PHIL 325 (ES) Feminist Ethics
325-01A TR at 12:45pm in Quad 339 with Professor Jean Keller CRN # 13169
325-02A TR at 2:20pm in Quad 339 with Professor Jean Keller CRN # 13170

The U.S. women's movement is deeply indebted to the values of western liberalism.  The Declaration of Independence's assertion that "We hold these truths to be self-evident, that all men are created equal" provided feminists with the intellectual grounds to argue that women, too, should be equal, thereby allowing them to argue for and, after 70 years of struggle, to win the right to vote. In the 1960s and 70s, the concept of equal rights fueled feminist activism with regard to a range of diverse issues-from ending gender segregated job ads, eliminating quotas limiting the number of women who could go to college, ensuring that boys' and girls' sports received equal funding, activism to ensure that men and women would receive for equal pay for equal work, and working to end violence against women.

Despite these and other ways in which the women's movement has been predicated on the concepts of equality, individual rights, impartiality, autonomy, freedom, and fairness embedded in the justice tradition of western liberalism, in the past 30 years the field of feminist ethics has increasingly challenged the basic premises of this tradition.  Feminist ethicists have argued that the conceptual tools of this tradition are inadequate to bring about the fundamental conceptual and social changes necessary to eradicate the oppression of women.

In this course, we'll first familiarize ourselves with the basic presuppositions of feminist thought and the premises of the liberal justice tradition.  Then we'll engage and critically examine a range of feminist ethical perspectives that fundamentally challenge and provide alternatives to this tradition.  As we'll see, while there are a few common presuppositions to these feminist ethical theories, they are also marked by conflict and disagreement, allowing us to develop a rich and complex understanding of the state of feminist thinking today.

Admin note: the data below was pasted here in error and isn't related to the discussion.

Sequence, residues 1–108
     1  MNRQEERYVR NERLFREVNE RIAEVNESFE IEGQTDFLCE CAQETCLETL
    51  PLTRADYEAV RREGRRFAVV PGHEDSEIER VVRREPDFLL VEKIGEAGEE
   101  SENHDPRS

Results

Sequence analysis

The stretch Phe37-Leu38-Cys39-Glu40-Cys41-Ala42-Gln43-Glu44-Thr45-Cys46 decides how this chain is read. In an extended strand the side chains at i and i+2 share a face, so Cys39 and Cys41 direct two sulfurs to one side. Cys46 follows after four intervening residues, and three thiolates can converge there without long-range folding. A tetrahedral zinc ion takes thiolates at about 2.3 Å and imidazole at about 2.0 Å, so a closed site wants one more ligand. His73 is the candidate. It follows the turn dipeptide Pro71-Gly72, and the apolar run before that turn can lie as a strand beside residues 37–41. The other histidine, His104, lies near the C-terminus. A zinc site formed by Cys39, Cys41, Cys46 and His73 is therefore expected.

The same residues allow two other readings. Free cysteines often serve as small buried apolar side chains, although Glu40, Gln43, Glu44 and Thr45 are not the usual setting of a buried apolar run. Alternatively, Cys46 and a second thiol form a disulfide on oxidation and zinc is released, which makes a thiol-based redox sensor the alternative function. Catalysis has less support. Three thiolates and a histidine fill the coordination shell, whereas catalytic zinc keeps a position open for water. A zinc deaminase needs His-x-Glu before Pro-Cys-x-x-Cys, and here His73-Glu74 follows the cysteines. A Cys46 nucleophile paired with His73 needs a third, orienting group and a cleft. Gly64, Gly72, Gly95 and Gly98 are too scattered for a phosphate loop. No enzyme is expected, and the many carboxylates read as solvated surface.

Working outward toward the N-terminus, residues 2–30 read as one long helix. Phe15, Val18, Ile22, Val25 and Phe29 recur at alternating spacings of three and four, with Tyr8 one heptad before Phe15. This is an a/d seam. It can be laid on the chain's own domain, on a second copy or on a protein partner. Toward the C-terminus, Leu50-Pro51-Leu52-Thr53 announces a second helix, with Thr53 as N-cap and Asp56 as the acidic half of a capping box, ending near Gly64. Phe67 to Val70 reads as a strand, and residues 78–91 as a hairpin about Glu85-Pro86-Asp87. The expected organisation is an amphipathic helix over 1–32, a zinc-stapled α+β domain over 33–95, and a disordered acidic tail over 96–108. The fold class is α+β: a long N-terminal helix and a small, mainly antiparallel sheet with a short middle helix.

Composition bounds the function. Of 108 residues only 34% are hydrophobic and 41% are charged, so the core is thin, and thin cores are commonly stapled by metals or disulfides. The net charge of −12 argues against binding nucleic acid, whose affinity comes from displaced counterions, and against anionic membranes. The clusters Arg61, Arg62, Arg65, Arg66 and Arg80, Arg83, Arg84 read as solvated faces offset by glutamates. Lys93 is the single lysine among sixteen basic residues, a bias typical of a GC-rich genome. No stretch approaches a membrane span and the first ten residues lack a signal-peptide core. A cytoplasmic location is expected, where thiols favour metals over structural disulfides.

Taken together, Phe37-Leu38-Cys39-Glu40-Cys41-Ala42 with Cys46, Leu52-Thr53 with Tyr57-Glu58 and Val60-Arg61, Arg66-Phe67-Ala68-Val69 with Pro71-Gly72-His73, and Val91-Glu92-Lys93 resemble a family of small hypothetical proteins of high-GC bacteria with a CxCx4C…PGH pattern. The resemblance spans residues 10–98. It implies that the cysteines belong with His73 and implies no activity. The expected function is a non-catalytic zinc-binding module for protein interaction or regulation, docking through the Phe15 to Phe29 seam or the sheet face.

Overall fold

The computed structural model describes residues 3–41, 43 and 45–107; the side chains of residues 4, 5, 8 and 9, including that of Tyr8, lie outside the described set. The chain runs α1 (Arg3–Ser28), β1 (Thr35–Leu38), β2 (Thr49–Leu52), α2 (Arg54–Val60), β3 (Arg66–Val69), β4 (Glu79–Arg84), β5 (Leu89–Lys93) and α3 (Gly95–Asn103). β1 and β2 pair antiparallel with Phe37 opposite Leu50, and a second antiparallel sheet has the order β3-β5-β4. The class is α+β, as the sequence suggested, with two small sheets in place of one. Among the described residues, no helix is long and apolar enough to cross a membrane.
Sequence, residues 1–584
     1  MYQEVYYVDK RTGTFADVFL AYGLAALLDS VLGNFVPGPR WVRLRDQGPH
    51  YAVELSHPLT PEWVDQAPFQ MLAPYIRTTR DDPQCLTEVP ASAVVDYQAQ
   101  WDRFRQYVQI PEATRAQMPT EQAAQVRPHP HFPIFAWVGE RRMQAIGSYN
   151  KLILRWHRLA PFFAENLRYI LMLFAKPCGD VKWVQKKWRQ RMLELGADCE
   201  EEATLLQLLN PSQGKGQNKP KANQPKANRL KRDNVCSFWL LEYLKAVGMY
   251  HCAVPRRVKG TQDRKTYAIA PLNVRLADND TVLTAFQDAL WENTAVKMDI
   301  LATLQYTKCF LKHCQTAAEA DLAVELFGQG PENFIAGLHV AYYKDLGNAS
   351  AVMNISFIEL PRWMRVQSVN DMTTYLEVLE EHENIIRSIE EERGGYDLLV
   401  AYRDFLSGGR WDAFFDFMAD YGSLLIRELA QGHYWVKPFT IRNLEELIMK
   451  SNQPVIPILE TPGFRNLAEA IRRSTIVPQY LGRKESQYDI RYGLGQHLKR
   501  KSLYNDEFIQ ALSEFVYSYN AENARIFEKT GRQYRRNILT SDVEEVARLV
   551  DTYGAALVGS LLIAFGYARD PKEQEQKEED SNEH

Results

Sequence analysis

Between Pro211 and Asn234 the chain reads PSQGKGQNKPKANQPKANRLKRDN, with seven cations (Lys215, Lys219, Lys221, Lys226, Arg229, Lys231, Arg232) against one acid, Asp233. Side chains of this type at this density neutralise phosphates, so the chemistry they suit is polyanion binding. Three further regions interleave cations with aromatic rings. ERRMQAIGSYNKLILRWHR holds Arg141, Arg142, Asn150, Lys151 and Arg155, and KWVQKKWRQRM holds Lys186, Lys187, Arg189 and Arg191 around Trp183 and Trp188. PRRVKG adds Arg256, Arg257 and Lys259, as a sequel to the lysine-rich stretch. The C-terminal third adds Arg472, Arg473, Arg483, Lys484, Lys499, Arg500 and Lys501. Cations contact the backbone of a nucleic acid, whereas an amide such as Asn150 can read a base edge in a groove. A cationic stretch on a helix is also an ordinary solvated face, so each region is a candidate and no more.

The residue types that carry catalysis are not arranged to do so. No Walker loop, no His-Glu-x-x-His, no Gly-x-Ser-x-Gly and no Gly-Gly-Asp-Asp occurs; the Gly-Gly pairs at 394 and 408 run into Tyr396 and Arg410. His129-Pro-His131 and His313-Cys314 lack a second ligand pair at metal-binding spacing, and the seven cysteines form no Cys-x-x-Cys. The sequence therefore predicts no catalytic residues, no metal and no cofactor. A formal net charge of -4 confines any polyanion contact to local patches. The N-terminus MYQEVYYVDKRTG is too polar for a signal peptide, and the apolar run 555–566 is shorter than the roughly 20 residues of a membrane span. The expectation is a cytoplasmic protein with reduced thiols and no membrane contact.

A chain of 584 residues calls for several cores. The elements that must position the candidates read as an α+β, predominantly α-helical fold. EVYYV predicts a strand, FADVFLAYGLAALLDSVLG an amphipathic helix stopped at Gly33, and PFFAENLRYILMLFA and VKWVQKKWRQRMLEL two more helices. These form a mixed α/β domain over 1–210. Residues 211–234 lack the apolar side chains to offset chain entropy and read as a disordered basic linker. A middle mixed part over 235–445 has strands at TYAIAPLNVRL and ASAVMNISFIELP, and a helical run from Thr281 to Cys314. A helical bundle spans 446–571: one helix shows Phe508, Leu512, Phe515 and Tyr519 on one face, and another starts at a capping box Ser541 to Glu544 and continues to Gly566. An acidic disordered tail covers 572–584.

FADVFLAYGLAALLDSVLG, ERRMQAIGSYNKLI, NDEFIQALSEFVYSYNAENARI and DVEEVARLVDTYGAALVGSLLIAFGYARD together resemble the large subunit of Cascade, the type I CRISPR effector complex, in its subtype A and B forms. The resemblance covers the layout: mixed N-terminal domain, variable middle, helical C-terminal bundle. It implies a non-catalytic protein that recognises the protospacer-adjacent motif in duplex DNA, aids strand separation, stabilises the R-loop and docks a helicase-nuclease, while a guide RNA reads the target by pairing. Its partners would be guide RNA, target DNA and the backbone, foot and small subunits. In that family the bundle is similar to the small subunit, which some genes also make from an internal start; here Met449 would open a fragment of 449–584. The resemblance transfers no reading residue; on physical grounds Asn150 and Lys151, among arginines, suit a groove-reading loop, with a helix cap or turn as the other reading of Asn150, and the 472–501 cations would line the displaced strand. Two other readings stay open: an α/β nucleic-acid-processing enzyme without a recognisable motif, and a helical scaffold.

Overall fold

PHIL 334-01A (HM) Modern Philosophy
TR at 9:35am in Quad 361 with Professor Steve Wagner
CRN #: 10795

We will look at the writings of some of the most important philosophers of the 17th and 18th centuries.  We will start with Descartes' investigation of the Rationalist foundations of human knowledge, and then look at the response of the Empiricists to the Cartesian project. We will then look at Kant's attempt to reconcile the two traditions.  The course will involve careful, critical examination of the central texts of these philosophers.  The writing for the course will involve two major papers and a number of short analytical papers of the assigned readings.

PHIL 336 19th Century European Philosophy- Marx (HM)
MWF at 9:10am in Quad 361 with Professor Rene McGraw, OSB
CRN #: 14118

With the fall of the Berlin Wall and the even greater fall of the Soviet Union and its replacement by some form of capitalist market system, the death knell for Marxism was ringing across the country.  But as Mark Twain said, "The report of my death was an exaggeration."  Marx remains a germinal thinker in the nineteenth century.  His philosophy remains alive in the twenty-first century and is increasingly important as both capitalism and socialism are associated with corruption.  To where do we go?  Perhaps a good place to start is going back to the seminal texts:  for Marx the text we will use is the Grundrisse (the title of the translation continues to use the German title).  How does Marx see the meaning of human community?  What does truth mean to him?  Where do money and capital fit into his understanding of the world?  How does political life relate to philosophical life?  Two exams.  Daily writing.  One longer paper.